Insurance companies always seem to be at the ready with quite a few defenses up their sleeves, including – the technical defense of late notice. The traditional notice rule did not require the insurance company to show there was prejudice, it was simply enough for them to show the notice was untimely. Thankfully, many states now require the insurance company to show that the late notice was actually prejudicial to the investigation of the claim.

Continue Reading Late Notice in Mississippi

While researching the issue of late notice of a property loss in Mississippi, I came across a case involving a failure to appear at an examination under oath.1 The language of the Order speaks for itself:
Continue Reading Mississippi Requires Prejudice For a Policyholder To Lose Coverage For Failure to Appear at An Examination Under Oath

Anybody who joined me for our Hurricane Ida webinar yesterday could tell that Steve Mullins is an aggressive and experienced property insurance advocate. Steve was born in New Orleans and is the eldest son of Louisiana parents. Steve grew up in Baton Rouge, Louisiana, and along the Mississippi Gulf Coast in Ocean Springs. He is a proud graduate of Ocean Springs High School, where he was active in football, student government, and all sorts of fun that is available when you live along the Mississippi Gulf Coast. I know about those fun things because I lived in Waveland, Mississippi, for three of my best formative years.
Continue Reading Steve Mullins With Louisiana, Mississippi, and Alabama Ties Joins Merlin Law Group

“Can I recover my attorney’s fees?” This is a practical question that might come to the minds of insureds when trying to recover their insurance proceeds following a disaster. In Mississippi, the answer to that question depends entirely on the circumstances of the case at hand.
Continue Reading The Current State of Recovering Attorney’s Fees in Mississippi

The Mississippi Insurance Department (MID) seeks to “impartially enforce the laws and regulations” relating to the insurance industry.1 It does this in part by reviewing and investigating consumer complaints about their insurance companies and agents. If you live in Mississippi and think that your insurance claim or policy has been delayed, wrongly denied, or deliberately underpaid, you can file a complaint with LDI and request an investigation into the matter.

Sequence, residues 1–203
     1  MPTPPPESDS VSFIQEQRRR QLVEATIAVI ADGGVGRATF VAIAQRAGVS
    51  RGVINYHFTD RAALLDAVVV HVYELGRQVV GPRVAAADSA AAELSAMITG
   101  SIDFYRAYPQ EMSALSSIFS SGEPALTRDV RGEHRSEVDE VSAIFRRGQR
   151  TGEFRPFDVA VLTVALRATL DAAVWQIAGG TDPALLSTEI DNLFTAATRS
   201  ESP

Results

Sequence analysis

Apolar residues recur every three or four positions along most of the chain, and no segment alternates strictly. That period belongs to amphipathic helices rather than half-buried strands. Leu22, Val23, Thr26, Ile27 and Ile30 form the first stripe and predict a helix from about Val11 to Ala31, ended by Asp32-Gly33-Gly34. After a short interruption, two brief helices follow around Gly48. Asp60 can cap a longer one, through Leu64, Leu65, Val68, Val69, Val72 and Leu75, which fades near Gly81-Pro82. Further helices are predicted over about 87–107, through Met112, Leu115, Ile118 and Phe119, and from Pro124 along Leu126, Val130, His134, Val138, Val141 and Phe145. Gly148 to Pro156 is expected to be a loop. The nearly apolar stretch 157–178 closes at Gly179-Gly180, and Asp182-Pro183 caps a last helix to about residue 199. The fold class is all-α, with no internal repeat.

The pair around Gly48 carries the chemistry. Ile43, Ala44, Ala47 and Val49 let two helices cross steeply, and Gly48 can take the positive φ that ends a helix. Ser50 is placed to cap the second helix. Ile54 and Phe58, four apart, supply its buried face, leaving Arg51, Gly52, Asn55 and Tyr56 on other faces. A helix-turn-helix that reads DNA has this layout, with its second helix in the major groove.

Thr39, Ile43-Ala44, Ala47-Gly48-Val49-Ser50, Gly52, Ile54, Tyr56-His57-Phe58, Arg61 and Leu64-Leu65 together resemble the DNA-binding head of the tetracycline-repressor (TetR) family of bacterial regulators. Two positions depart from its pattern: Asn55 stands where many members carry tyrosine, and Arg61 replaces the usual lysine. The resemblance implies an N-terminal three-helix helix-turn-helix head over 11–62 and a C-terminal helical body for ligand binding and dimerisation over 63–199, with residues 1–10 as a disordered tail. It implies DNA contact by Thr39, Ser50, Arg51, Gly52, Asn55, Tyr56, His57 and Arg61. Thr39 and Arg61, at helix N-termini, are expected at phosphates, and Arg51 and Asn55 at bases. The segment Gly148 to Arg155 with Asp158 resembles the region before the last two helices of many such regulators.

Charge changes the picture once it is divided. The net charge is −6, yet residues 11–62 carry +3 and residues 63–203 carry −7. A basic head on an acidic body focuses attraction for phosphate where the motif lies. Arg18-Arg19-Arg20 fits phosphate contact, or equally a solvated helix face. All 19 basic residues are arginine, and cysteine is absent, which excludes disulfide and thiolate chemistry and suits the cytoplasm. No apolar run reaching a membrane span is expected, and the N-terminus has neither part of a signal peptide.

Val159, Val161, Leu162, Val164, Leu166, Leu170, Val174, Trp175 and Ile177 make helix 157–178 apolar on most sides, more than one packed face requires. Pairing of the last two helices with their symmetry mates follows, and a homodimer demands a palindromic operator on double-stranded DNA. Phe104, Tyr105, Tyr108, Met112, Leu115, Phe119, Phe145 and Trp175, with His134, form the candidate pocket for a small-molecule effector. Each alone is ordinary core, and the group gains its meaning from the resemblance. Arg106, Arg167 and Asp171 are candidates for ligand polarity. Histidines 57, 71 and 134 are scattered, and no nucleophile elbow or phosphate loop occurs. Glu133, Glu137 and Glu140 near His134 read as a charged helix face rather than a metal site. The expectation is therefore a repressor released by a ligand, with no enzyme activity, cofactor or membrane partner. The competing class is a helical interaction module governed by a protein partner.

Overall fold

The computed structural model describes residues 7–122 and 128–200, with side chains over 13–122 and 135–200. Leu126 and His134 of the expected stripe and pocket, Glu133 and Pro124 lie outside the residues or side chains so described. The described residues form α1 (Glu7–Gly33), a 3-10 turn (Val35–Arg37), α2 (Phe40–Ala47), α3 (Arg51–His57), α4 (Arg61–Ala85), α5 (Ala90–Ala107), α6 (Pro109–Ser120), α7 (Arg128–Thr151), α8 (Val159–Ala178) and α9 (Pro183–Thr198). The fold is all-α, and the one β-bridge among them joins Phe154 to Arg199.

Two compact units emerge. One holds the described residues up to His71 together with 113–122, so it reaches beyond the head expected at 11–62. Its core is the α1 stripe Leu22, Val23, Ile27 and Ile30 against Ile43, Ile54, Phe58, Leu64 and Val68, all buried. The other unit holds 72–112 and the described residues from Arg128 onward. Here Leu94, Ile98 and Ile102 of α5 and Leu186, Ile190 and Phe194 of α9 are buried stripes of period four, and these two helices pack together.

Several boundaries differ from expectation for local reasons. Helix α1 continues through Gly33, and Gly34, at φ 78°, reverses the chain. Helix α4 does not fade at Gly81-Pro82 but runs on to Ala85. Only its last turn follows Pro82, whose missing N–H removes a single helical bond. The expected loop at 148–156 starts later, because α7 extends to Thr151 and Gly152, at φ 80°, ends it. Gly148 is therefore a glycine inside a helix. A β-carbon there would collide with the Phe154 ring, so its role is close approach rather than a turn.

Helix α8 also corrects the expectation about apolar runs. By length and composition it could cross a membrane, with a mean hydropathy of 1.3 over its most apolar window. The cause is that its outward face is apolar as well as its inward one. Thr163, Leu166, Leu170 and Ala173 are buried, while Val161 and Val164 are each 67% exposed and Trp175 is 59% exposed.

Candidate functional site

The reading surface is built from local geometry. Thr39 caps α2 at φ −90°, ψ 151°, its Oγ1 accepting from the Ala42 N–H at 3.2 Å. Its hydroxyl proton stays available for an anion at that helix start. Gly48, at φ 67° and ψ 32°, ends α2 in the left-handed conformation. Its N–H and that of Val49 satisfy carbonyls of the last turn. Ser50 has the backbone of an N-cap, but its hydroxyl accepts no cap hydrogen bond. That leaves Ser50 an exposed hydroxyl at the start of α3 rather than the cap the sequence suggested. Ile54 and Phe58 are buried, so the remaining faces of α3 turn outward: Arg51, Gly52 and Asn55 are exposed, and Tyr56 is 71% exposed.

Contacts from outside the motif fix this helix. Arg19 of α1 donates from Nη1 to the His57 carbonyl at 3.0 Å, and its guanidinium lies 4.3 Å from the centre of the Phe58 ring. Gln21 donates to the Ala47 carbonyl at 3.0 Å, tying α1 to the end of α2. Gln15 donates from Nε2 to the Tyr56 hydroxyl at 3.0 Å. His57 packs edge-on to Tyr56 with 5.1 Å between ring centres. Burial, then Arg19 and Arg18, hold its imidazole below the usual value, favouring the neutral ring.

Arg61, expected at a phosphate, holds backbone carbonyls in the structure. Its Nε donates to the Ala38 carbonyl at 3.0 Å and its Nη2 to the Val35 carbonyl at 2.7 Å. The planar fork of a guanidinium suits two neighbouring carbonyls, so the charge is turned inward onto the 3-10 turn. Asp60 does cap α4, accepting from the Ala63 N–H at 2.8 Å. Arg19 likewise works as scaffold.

Continue Reading How to File a Complaint with the Mississippi Insurance Department

Mississippi unfair claims practice law and bad faith actions are unique. Following Hurricane Katrina, I took the Mississippi Bar and represented hundreds of Mississippi businesses and residents with insurance disputes arising from Hurricane Katina. I was honored to represent the grandparents of my co-author in this blog post. As a kid, I lived for three years in Waveland, Mississippi. Merlin Law Group is still being retained on property insurance disputes in Mississippi. Since her interest in property insurance law started with our firm’s work in Mississippi, I look forward to working with Kathryn on those cases after she gets the results from her bar examination.
Continue Reading Understanding Mississippi Unfair Claims Practice and Bad Faith Cases Based on Delay

Hurricane Sally appears headed to the Mississippi Sound and Louisiana. Adjusters already working Hurricane Laura claims will be shifting efforts to Hurricane Sally. While there is legal authority suggesting that causation can be determined in Louisiana appraisals,1 Mississippi has long held that causation issues will not be allowed in appraisal and that a lawsuit will have to determine those issues.2
Continue Reading Mississippi Does Not Allow Causation to Be Determined In Appraisal

On August 17, 2018, the 49th anniversary of Hurricane Camille, the benchmark in Mississippi for devastation and survivability prior to the impact of Hurricane Katrina in 2005, the Mississippi Insurance Department (“MID”) filed its adoption of Rule 34.11 to amend the Mississippi Homeowner Insurance Policyholder Bill of Rights (“Policyholder Bill of Rights”) to include an Outline of Coverage and Comprehensive Policyholder Checklist.1
Continue Reading Mississippi is “Moving Slow as Molasses in January”

The principle that once you give something, you can’t ask for it back has been deeply ingrained since childhood. It is born from the idea that when you give, you give freely and without obligation. Like many playground rules, the principle has worked its way into law. The Voluntary Payment Doctrine (VPD) made its first appearance in civil law in the English case of Bilbie v. Lumley holding “that the money having been paid with full knowledge, or with full means of knowledge of all the circumstances could not now be recovered back again.”1
Continue Reading The Voluntary Payment Doctrine: No Takebacks!